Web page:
See Andy's other stuff:

RSS Feed

Follow Andy

Contact Me >>

Newsletter #1028: The “Lessons from Employers” Issue

[Welcome back to the Damn, I Wish I’d Thought of That! newsletter. This is text of the great issue all of our email subscribers just received. Sign yourself up using the handy form on the right.]

Like marketers, employers have to get creative to stand out from the competition, offer something worth talking about, and share the human side of their company.

Here’s how employers from Sears, Amazon, and Intel are doing it:

1. Be nice to your competition’s upset customers
2. Make a big statement
3. Tell a great story
4. Check it out: Common Mythconceptions

1. Be nice to your competition’s upset customers

Target’s having a tough time in Canada, and they’re closing a lot of their stores. That means a lot of Canadians are losing jobs. So to help, Sears Canada is offering Target employees the same discounts their workers get at Sears. They’re also encouraging the people who got laid off to apply for a job with them.

The lesson: That’s not just smart for recruiting new employees from Target’s recently unemployed. It also makes Sears look good in front of Target Canada’s newly displaced customers.

Learn more: The Wall Street Journal

2. Make a big statement

Each year, Amazon offers their warehouse employees up to $5,000 to quit their jobs. But it isn’t a layoff — it’s an opportunity to evaluate if they want to stick around. Amazon doesn’t necessarily want their employees to quit, but in the long run, if they don’t want to be there, it’s not good for the company anyway. And as it turns out, fewer than 10 percent of the employees who were offered the deal took it last year.

The lesson: A big offer like that says a lot about the kind of workplace Amazon wants to build. It also shows their customers they want things to be done right in the long term even if it costs them some money in the short term.

Learn more: CNN

3. Tell a great story

“If you tried to call Karthik Natarajan on his smartphone in his lab in Oregon, you simply would never get through. Ever, period. Karthik might as well be smiling at us from the dark side of the Moon.” That’s the beginning to a post on Intel’s corporate blog titled, “Where I Work: Cone of silence” (and it’s a good read). It explains in detail what goes on inside their RF Testing Lab, Karthik’s daily routine, and what he does for Intel products. That’s not just an employee bio on their “About Us” page, and it’s not just a quick description on a job posting — it’s a well-written, interesting story about a real Intel employee.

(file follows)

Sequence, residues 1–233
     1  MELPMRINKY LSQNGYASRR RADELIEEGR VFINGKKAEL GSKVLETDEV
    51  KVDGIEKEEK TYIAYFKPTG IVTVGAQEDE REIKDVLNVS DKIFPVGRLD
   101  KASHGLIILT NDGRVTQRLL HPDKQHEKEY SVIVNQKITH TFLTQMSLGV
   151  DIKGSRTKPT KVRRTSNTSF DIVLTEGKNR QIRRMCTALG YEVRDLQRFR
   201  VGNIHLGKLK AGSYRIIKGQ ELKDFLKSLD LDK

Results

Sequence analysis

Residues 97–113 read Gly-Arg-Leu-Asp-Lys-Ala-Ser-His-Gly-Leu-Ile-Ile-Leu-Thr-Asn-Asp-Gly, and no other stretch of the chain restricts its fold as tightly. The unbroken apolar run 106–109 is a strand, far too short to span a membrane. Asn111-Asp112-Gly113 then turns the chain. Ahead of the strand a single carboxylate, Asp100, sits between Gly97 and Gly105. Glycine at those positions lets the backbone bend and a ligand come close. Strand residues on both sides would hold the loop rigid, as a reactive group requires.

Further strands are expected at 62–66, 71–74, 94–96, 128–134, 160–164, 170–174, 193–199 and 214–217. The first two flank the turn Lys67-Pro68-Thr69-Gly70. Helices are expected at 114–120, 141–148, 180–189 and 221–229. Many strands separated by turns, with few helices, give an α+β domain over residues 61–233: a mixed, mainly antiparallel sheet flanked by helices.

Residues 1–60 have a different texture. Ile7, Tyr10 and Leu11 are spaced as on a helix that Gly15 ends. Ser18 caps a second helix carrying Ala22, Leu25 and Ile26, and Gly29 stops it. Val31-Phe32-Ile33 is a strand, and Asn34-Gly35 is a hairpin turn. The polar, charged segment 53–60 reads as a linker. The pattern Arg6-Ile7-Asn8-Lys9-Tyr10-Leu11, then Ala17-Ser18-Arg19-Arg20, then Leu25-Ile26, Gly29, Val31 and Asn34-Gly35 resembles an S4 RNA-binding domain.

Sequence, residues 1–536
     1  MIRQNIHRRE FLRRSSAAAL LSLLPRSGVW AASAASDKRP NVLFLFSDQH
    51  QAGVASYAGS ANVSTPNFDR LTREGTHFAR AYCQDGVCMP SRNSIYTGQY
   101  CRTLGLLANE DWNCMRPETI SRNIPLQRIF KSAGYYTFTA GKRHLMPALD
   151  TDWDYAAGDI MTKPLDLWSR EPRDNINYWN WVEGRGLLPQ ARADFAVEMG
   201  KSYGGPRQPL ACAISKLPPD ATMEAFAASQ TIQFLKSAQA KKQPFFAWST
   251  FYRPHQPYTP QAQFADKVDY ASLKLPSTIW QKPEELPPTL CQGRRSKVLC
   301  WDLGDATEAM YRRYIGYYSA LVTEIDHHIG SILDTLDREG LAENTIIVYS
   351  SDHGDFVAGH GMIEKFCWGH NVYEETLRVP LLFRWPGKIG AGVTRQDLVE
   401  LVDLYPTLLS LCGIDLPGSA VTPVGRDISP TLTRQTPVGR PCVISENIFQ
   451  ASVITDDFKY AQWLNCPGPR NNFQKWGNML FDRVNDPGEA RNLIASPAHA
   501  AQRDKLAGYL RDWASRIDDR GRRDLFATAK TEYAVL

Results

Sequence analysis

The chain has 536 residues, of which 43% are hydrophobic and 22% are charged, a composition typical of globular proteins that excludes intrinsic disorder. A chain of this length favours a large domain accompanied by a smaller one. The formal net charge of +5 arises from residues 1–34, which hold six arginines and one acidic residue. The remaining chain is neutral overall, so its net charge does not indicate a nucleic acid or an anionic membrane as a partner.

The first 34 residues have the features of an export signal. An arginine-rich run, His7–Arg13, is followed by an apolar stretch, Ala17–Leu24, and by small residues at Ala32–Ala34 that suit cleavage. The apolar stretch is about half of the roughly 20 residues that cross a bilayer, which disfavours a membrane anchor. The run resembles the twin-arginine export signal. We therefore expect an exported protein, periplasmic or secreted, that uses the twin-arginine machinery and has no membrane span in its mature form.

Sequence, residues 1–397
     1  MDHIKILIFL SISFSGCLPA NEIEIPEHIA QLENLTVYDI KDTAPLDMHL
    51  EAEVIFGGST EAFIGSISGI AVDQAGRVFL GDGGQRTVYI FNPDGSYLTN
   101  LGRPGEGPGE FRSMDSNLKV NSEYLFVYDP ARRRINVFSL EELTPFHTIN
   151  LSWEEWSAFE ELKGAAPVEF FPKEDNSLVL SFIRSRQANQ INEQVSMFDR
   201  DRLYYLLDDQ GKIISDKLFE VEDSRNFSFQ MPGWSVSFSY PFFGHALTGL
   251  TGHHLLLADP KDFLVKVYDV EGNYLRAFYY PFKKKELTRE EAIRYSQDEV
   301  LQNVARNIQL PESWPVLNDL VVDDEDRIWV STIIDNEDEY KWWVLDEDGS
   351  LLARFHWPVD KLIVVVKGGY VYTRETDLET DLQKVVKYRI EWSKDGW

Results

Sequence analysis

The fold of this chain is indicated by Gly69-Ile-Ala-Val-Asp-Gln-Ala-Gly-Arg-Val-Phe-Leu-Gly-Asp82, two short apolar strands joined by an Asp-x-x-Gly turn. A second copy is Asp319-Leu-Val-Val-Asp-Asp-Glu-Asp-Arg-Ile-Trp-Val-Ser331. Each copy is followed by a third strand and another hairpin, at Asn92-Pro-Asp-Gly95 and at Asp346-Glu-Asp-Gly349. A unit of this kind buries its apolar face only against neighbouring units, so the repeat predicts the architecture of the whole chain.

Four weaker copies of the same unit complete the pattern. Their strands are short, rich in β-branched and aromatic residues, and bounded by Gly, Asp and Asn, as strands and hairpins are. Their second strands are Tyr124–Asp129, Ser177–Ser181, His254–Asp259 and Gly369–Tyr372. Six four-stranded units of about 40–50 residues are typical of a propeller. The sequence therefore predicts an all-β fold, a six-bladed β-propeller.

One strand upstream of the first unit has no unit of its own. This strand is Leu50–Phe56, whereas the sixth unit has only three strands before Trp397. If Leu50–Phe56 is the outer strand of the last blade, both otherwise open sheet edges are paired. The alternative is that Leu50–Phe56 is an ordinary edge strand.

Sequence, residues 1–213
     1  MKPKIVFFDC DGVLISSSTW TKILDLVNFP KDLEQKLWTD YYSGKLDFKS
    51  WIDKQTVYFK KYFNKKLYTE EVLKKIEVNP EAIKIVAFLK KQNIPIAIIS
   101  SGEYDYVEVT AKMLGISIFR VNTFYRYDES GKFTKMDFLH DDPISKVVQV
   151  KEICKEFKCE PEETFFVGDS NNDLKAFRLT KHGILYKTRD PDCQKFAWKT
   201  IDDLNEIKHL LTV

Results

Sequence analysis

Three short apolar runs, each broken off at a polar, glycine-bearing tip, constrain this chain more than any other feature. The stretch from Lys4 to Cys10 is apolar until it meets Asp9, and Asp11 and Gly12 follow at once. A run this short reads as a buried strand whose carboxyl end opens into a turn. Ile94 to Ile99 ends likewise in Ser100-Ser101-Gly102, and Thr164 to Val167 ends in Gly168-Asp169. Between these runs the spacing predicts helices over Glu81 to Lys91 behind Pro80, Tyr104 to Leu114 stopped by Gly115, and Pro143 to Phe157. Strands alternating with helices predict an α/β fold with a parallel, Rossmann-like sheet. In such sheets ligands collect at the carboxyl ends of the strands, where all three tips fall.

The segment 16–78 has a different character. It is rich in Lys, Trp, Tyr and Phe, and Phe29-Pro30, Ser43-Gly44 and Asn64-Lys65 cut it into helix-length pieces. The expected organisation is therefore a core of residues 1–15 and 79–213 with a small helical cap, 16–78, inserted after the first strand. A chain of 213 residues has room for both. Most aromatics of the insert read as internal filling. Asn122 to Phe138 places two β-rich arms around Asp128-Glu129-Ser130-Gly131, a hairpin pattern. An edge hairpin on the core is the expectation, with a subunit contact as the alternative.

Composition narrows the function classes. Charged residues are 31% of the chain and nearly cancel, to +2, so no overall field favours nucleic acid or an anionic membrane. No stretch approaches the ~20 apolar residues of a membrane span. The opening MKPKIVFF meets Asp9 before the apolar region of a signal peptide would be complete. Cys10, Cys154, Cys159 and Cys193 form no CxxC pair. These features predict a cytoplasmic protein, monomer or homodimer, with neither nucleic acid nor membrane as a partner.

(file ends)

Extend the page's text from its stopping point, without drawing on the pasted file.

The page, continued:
The lesson: Unless you’re already a part of the industry, it’s not easy to understand the work that goes on behind a big tech company like Intel. Great stories like these help put a human face to the work and give people a relatable, repeatable story to tell a friend.

Learn more: Intel’s Blog

4. Check it out: Common Mythconceptions

Good news: Swallowed gum doesn’t take seven years to digest, and it’s OK to swim right after you eat. Learn more about these myths — plus why you can safely wake up a sleepwalker — in this infographic from Information is Beautiful.

Check it out: Common Mythconceptions

Email to a friend:

Privacy: We won't save or reuse these emails.


  1. Paul March 17, 2015 at 11:51 pm #

    Hi Andy! I’m halfway through your book, and it was fun finding your blog for the first time. I am working on my story-telling process right now. If I don’t have an excellent real story to share, can I make up a story involving my ideal customer as the main character who runs into the main problem I’m trying to solve and uses my service as the solution to fix it? Maybe this will hold me over until I have a story to share from a real customer?

  2. Jeff April 15, 2015 at 12:29 am #

    Hey there!

    Great post, lots of great points. I am curious about your second point (Amazon). Couldn’t the $5k bonus offer just contribute to the revolving door they usually have at their fulfillment centers? We have one in town and I know a few dozen people who work there. The overall consensus is that they sort of take care of their employees, but they certainly drive a hard bargain, and turnover is very high. What if it’s just a PR stunt? It could also lower the unemployment insurance premiums the company pays as well.

    However, it’s also an opportunity for someone working a job they hate to truly go find something they are passionate about doing!

Get My Newsletter!

Subscribe to Damn, I Wish I’d Thought of That! for a weekly email full of unusually useful ideas for smart marketers. Great marketing is about brains, not bucks. The best business ideas are easy to do, inexpensive, and fun. Learn to simplify your business, earn word of mouth, and thrill your customers:

Never display this again